The Minnesota State Fair Is Canceled, But Butter Sculpting Goes On

The one thing I truly, truly regret about this pandemic summer is that I won't get to go to the Minnesota State Fair. I'd heard of its greatness for years, mostly about the range of foods available on sticks, but it never really registered until a few months ago when I met someone from Minneapolis who went to the fair every summer and described in great and loving detail all the food one could eat there—way more than deep-fried carnival stuff, but actual food prepared in ovens by some of the city's and state's best restaurants. (We were on a winter camping trip at the time, and these descriptions generally occurred during the late afternoon when we were gathering wood for our evening cooking fire and were very hungry.) I resolved then and there to make my way to the Twin Cities in the summer to experience it for myself. And then we all went into quarantine and the fair, like everything else, was canceled.

There are compensations. Eater has published a guide to some of the best fair booths that are still serving at brick-and-mortar restaurants. Some of the fair exhibitions have gone virtual. And, most important, the butter sculptures will continue.

Like all the best state fairs, Minnesota has its signature butter exhibit: the bust of Princess Kay Of The Milky Way. Princess Kay is the state's dairy princess. She's been crowned at every fair since 1954; since 1965, her bust has been sculpted in butter to remind the world that Minnesota is the nation's top butter producer. (You know, just in case Land O Lakes isn't enough.) For the past 48 years, every Princess Kay and the other nine finalists have sat for Linda Christensen. But this year, that's different, too.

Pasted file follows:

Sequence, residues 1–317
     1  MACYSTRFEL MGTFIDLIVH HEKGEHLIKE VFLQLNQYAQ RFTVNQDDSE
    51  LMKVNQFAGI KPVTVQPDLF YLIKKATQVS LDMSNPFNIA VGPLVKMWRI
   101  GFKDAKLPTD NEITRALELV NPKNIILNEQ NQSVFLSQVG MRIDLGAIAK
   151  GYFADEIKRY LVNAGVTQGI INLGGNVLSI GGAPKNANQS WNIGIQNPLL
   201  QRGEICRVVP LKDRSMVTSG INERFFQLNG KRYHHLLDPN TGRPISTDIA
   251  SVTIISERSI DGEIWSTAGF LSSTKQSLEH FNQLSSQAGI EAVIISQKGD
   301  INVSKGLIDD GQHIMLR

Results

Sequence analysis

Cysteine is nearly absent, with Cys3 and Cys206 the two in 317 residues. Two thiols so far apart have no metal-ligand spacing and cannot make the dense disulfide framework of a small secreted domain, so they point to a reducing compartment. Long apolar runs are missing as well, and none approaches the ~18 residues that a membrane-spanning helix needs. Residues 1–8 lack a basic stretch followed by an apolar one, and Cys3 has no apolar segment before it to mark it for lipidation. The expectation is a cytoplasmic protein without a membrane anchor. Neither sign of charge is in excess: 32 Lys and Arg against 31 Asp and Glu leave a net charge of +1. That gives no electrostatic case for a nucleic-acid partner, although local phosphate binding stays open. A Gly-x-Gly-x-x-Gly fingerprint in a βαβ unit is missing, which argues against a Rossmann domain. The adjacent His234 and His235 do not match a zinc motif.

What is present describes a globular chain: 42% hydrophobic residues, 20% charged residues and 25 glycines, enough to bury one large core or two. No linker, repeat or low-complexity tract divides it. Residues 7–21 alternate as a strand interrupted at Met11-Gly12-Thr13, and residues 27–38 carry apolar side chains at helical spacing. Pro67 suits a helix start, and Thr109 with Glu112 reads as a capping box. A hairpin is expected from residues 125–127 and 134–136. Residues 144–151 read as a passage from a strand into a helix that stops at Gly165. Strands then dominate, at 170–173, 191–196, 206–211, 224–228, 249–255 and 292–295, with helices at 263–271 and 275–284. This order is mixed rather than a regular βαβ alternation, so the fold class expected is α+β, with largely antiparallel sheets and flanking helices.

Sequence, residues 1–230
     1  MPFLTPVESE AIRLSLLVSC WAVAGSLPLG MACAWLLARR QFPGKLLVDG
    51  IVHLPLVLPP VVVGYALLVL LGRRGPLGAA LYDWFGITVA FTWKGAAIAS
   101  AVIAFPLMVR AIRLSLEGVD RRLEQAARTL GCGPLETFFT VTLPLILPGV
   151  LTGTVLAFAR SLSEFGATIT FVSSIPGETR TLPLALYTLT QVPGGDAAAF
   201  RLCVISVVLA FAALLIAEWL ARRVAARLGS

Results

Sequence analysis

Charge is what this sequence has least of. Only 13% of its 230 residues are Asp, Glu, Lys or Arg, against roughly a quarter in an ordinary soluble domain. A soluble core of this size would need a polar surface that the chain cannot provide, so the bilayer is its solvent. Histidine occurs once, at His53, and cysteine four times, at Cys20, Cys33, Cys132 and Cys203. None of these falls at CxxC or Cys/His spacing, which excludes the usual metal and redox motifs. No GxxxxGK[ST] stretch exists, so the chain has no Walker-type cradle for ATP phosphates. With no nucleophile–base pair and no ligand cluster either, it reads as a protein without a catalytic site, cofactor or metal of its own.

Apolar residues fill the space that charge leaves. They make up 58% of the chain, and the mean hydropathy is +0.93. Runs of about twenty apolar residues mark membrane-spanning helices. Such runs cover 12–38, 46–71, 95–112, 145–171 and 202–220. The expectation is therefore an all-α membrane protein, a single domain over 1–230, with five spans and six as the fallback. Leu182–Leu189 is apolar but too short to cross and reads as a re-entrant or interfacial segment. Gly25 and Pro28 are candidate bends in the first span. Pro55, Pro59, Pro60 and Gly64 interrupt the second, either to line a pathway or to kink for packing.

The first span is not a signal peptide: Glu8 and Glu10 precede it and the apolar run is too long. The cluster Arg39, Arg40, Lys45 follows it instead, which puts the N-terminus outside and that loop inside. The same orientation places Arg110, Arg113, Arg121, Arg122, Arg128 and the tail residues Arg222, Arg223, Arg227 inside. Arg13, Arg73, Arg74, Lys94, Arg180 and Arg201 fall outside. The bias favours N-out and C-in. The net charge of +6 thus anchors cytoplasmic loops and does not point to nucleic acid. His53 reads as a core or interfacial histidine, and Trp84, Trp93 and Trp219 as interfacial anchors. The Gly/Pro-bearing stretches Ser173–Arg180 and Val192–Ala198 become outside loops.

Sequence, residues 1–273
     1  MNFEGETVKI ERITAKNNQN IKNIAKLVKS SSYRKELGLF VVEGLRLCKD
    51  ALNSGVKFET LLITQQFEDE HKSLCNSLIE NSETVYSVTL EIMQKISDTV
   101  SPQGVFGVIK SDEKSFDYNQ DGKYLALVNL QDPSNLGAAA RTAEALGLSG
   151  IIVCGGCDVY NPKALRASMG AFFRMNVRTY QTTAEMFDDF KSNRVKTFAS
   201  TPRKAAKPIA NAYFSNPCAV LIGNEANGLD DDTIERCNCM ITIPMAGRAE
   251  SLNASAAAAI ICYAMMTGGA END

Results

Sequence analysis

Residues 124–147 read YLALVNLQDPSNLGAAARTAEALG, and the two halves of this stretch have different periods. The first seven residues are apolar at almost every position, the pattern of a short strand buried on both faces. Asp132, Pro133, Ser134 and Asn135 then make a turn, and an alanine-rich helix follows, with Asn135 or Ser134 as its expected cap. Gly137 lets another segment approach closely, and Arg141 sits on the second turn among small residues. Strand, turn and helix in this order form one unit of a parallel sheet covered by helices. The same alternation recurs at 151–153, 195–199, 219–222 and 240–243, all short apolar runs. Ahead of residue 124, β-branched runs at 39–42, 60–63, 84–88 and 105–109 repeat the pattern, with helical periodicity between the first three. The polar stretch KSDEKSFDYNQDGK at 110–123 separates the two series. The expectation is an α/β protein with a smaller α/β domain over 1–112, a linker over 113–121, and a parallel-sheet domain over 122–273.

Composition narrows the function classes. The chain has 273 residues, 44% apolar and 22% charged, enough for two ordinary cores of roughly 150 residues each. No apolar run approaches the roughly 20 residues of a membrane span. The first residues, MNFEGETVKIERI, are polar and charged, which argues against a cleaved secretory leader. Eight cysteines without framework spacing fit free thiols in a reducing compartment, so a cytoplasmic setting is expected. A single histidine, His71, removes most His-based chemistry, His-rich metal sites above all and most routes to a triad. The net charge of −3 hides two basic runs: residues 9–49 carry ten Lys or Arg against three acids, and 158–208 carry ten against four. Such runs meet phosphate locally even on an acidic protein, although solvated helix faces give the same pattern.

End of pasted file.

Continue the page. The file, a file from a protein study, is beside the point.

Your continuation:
Christensen, you see, lives in California, and the pandemic will prevent her from traveling to Minnesota. But the good news is, she has an apprentice. His name is Gerry Kulzer, and he lives in Litchfield, Minnesota, about an hour and a half from the Twin Cities. This year, the butter knife will be passed (though Christensen reserves the right to take it back next year). "The news came as a salve to devotees of the delicate craft who were crushed by the cancellation of the fair, a Minnesota tradition since 1859," The New York Times reports.

This will be a trial by fire—metaphorically speaking—for Kulzer, who will have to sculpt all ten busts by himself, one a day for ten days. Each sculpture takes six to eight hours and requires 90 pounds of butter. In an ordinary year, the refrigerated carving booth (set to 38 degrees) is a fair exhibition, and visitors can walk by and chat with Princess Kay and her court. This year, however, the event will be broadcast on Facebook. Kulzer says he's relieved about that.

"It's a little scary," he told the Times. "I'm going to be doing everything, and I was looking forward to picking up more tricks, and studying [Christensen's] methods of working and having her as a partner to rely on and lean on.... [But] I don't have to think of the thousands and thousands of people watching me every day."

One thing won't change: as in years past, Princess Kay and the finalists will be able to keep their busts once the exhibition is over. Most chop them up and eat them or donate them to food pantries, but one past princess has kept her bust in the freezer for more than 50 years.